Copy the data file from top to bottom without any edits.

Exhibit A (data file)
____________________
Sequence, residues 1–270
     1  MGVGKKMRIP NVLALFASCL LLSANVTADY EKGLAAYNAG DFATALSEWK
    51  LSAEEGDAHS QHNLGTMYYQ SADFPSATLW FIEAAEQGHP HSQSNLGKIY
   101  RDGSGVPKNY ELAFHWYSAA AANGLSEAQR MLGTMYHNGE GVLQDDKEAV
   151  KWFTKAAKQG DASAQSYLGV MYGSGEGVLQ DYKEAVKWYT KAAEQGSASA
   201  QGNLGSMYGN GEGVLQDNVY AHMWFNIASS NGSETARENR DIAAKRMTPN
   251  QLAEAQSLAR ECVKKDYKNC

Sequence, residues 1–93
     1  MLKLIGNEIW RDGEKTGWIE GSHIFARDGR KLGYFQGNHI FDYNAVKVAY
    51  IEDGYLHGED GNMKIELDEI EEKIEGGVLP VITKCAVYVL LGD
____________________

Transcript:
Sequence, residues 1–270
     1  MGVGKKMRIP NVLALFASCL LLSANVTADY EKGLAAYNAG DFATALSEWK
    51  LSAEEGDAHS QHNLGTMYYQ SADFPSATLW FIEAAEQGHP HSQSNLGKIY
   101  RDGSGVPKNY ELAFHWYSAA AANGLSEAQR MLGTMYHNGE GVLQDDKEAV
   151  KWFTKAAKQG DASAQSYLGV MYGSGEGVLQ DYKEAVKWYT KAAEQGSASA
   201  QGNLGSMYGN GEGVLQDNVY AHMWFNIASS NGSETARENR DIAAKRMTPN
   251  QLAEAQSLAR ECVKKDYKNC

Sequence, residues 1–93
     1  MLKLIGNEIW RDGEKTGWIE GSHIFARDGR KLGYFQGNHI FDYNAVKVAY
    51  IEDGYLHGED GNMKIELDEI EEKIEGGVLP VITKCAVYVL LGD